Desert Magic: Why You Should Care About Cryptobiotic Soil

23 maja, 2024

Kategoria: Kemping, Outdoorowy lifestyle, Piesze wycieczki, Zrównoważony rozwój

Covering more than a tenth of the Earth’s landmass, biological soil crusts play a crucial role in maintaining the health and stability of fragile desert ecosystems. Composed of a delicate web of cyanobacteria, lichens, and mosses, these structures are among the oldest living things found on Earth, but their very existence is threatened. As scientists are only beginning to understand their importance, climate change and increased tourist traffic – especially in popular national parks such as Moab or Joshua Tree – are putting biocrusts at risk.

The beautiful reds, ochre and browns of the desert landscapes are largely due to the biocrust communities that form their foundations. Thanks to the secretion of a glue-like substance called exopolysaccharide, cyanobacteria bind the desert surface, allowing it to become a habitat for vibrant plant and animal life. Due to extreme temperature changes typical of the desert, the frequent freezing and thawing action causes the biocrusts to form tiny towers and pyramids that are then colonized by communities of hairy mosses, rugged lichens and microfungi.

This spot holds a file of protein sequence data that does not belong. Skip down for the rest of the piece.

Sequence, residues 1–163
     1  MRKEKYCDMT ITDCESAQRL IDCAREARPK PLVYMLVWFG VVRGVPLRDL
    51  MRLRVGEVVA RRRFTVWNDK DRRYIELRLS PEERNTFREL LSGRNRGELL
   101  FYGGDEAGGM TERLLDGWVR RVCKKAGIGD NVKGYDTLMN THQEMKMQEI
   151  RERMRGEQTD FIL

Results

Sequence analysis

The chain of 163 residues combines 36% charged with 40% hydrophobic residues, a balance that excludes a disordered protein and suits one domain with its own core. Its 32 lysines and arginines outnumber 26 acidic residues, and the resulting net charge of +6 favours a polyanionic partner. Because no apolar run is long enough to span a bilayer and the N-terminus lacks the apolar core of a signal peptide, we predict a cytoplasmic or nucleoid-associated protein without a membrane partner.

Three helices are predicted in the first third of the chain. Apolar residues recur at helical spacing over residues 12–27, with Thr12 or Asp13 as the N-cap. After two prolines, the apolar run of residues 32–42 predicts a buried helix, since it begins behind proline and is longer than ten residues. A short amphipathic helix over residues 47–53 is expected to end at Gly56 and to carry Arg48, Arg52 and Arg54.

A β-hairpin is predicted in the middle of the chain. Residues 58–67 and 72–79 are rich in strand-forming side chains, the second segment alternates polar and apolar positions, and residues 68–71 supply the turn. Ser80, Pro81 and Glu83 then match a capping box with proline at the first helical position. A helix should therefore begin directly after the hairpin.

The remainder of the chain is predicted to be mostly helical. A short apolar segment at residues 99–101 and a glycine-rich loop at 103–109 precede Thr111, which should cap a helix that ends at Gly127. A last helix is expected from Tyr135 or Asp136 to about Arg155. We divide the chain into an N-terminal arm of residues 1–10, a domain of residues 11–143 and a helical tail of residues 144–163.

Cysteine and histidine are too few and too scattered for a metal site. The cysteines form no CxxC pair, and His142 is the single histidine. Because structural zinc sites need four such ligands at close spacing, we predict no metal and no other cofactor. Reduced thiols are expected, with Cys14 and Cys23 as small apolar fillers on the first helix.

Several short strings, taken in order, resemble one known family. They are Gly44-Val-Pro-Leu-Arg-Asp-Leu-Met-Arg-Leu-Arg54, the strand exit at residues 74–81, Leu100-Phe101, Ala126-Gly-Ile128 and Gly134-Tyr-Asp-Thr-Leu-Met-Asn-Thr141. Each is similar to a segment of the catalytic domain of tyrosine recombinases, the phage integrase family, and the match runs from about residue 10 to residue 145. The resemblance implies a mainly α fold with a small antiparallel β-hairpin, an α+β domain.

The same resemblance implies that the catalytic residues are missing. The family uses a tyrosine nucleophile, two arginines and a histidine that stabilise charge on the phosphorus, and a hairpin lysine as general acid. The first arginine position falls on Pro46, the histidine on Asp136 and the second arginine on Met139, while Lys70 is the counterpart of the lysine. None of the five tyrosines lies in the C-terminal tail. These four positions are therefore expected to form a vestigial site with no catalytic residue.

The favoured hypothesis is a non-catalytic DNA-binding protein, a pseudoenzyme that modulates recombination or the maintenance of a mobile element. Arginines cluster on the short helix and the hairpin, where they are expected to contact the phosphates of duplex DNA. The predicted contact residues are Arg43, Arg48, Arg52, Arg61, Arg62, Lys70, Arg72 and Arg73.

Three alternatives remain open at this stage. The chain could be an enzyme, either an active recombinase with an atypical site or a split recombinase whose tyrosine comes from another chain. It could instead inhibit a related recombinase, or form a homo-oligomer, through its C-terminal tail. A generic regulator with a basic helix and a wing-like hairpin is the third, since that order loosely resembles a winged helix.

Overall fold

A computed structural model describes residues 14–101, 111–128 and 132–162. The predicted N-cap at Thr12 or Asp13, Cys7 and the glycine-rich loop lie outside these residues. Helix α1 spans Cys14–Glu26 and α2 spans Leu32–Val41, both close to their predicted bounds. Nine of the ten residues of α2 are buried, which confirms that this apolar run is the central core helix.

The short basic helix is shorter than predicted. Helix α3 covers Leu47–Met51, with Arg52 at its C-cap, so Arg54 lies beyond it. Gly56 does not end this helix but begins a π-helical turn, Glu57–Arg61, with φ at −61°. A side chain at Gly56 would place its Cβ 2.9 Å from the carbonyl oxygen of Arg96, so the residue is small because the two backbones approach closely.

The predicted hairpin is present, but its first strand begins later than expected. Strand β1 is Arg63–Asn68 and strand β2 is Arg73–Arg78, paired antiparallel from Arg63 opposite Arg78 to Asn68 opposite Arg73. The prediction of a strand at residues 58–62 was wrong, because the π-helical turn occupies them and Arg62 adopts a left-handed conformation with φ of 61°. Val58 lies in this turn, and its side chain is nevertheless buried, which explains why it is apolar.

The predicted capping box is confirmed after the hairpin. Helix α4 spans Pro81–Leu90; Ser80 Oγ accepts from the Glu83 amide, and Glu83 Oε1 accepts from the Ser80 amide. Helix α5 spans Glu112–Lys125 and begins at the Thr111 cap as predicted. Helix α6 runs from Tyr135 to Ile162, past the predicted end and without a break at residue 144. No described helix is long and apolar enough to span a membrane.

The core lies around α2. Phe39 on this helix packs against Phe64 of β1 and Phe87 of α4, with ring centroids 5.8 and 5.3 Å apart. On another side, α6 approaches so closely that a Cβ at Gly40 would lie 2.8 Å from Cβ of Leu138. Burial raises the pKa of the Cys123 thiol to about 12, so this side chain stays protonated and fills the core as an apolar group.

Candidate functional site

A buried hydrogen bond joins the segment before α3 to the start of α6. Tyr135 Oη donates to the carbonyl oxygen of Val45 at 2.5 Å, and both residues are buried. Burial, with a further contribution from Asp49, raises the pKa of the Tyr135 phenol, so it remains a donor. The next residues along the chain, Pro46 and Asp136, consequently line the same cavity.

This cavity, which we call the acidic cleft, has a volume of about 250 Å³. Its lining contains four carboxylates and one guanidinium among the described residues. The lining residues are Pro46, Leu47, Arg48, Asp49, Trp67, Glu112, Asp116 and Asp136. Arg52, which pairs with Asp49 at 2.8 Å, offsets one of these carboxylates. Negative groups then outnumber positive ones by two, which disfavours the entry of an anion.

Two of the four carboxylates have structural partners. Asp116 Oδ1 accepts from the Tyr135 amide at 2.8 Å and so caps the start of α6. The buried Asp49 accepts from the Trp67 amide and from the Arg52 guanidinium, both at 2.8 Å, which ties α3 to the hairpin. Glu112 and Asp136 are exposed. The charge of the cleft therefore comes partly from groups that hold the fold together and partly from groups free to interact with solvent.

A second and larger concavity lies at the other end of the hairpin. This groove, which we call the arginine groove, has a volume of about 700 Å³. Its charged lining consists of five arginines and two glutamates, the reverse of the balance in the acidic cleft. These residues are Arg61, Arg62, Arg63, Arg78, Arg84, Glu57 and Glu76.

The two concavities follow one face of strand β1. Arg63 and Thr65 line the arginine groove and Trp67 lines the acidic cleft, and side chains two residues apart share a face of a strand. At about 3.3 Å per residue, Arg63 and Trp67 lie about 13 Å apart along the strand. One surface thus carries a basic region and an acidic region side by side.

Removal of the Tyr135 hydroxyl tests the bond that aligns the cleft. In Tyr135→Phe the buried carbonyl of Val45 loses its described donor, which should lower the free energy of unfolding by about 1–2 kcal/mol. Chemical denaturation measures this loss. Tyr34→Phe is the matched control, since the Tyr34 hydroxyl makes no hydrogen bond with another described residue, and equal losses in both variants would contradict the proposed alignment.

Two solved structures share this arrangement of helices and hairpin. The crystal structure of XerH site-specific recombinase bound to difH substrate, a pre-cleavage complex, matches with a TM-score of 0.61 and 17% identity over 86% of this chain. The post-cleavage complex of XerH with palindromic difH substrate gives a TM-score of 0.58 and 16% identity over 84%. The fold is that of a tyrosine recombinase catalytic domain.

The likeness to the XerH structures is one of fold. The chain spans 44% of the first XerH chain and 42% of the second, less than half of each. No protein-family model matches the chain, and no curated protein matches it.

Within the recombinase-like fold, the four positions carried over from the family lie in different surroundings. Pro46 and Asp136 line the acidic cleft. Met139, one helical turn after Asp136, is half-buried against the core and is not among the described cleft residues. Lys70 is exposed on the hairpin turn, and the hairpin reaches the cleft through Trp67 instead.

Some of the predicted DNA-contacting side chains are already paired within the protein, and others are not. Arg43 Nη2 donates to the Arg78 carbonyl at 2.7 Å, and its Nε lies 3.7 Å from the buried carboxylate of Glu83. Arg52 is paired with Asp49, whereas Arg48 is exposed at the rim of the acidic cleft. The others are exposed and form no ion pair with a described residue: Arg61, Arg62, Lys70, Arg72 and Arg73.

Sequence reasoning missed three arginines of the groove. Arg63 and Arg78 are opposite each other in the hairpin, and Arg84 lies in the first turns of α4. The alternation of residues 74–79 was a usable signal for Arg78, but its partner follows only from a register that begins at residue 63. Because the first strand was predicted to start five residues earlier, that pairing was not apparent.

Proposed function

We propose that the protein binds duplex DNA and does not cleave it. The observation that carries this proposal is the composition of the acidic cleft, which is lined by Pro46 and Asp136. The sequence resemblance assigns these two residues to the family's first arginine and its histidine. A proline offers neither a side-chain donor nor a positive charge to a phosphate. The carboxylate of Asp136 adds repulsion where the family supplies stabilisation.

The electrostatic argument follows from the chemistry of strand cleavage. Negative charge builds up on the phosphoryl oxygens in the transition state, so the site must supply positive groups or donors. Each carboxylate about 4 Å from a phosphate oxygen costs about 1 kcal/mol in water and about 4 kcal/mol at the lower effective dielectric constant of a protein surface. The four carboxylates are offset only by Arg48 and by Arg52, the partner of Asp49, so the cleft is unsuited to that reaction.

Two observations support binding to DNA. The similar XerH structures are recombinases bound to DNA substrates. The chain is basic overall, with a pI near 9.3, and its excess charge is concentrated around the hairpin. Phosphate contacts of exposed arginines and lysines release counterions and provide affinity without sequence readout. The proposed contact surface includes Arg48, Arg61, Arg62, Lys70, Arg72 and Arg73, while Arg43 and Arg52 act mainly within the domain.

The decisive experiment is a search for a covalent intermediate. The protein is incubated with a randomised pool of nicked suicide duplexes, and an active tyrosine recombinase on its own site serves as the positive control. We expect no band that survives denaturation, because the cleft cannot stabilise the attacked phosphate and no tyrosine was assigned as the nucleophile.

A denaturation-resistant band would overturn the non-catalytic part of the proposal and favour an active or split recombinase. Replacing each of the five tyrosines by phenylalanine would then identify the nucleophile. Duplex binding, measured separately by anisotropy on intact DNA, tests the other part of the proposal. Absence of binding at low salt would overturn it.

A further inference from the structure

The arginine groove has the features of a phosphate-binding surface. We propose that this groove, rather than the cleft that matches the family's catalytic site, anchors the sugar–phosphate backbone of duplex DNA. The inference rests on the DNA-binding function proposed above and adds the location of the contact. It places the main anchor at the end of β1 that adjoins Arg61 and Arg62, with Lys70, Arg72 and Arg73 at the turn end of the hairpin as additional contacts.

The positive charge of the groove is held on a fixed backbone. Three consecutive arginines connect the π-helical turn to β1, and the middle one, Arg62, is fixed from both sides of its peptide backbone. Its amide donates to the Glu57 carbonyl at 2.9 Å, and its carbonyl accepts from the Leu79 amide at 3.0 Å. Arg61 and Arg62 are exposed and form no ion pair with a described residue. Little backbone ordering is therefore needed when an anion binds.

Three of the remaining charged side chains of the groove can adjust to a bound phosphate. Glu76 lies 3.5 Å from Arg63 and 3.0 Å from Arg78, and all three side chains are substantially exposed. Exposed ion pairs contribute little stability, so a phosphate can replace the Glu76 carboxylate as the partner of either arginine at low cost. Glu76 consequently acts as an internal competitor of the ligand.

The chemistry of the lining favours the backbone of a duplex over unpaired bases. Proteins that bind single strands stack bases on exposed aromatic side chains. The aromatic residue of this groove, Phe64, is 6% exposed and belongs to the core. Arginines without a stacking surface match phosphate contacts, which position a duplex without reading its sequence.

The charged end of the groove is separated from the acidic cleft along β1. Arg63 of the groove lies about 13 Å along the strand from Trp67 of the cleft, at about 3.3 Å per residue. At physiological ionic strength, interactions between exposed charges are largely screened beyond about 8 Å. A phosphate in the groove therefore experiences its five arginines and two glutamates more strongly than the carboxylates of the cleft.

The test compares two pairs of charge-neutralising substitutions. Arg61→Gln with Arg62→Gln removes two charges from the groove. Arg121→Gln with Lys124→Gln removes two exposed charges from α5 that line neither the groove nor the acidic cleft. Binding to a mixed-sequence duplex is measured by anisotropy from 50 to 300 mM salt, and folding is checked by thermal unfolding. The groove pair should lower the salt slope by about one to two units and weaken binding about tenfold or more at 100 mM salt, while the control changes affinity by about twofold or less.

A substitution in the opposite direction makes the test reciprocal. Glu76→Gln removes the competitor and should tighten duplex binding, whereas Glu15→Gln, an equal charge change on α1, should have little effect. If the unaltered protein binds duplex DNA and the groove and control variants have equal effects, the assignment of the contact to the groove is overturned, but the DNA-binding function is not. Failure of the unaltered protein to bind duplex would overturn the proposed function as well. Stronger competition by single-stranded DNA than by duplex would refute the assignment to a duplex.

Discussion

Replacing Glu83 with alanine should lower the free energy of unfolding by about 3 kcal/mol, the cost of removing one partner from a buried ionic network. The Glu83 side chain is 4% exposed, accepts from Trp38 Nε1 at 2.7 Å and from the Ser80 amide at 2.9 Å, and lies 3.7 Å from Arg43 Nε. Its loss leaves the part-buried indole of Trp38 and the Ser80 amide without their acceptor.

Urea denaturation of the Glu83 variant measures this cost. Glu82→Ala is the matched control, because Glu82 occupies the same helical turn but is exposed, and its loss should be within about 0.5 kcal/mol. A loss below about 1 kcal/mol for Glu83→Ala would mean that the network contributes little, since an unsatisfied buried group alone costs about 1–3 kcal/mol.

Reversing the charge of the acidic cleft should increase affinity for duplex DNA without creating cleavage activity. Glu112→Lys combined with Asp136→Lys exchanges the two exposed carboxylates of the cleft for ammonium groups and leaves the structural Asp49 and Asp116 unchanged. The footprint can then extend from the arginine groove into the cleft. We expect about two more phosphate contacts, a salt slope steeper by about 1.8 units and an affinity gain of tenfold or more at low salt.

This breathing, living layer of interconnected organisms has an uncanny moisture-holding capability. It remains dormant when dry but springs back to life the moment that rain touches its surface. It also prevents the violent desert downpours from eroding the land. Biocrusts slow water runoff and allow life-giving moisture to penetrate the deeper parts of the soil where it nourishes vascular plants such as grasses, flowers and cacti.

In addition to binding the desert’s surface, cryptobiotic soils play a crucial role in preventing dust emissions and storms – a phenomenon that has undergone a dramatic increase in the last few years. Excessive dust release not only deteriorates air quality but also accelerates glacier melting and reduces river flows, impacting ecosystems far beyond the arid desert landscapes.

Even after recently beginning to study and comprehend the importance of cryptobiotic soils, scientists are sure of one thing: despite their extreme resilience to temperature changes, long-term drought, and even UV radiation, biocrusts are actually very fragile and easily disturbed by human activities. Off-trail hiking and vehicle traffic collapse the airy structure of the cryptobiotic soil, causing damage that takes years to rebuild. In addition, once disturbed, the cryptobiotic layer loses its water-retaining capabilities. It is then not only vulnerable to further erosion, but also cannot transport moisture and nutrients into the deeper layers of soil. Without a thriving cryptobiotic community at its base, the desert begins to die.

“Don’t bust the crust” is a catchphrase inviting all visitors to the desert to become aware of the complex microcosmos at risk of perishing under our feet. Staying on existing trails is of paramount importance for protecting the biological crusts that literally hold together some of the most beautiful, arid landscapes of the US and the world.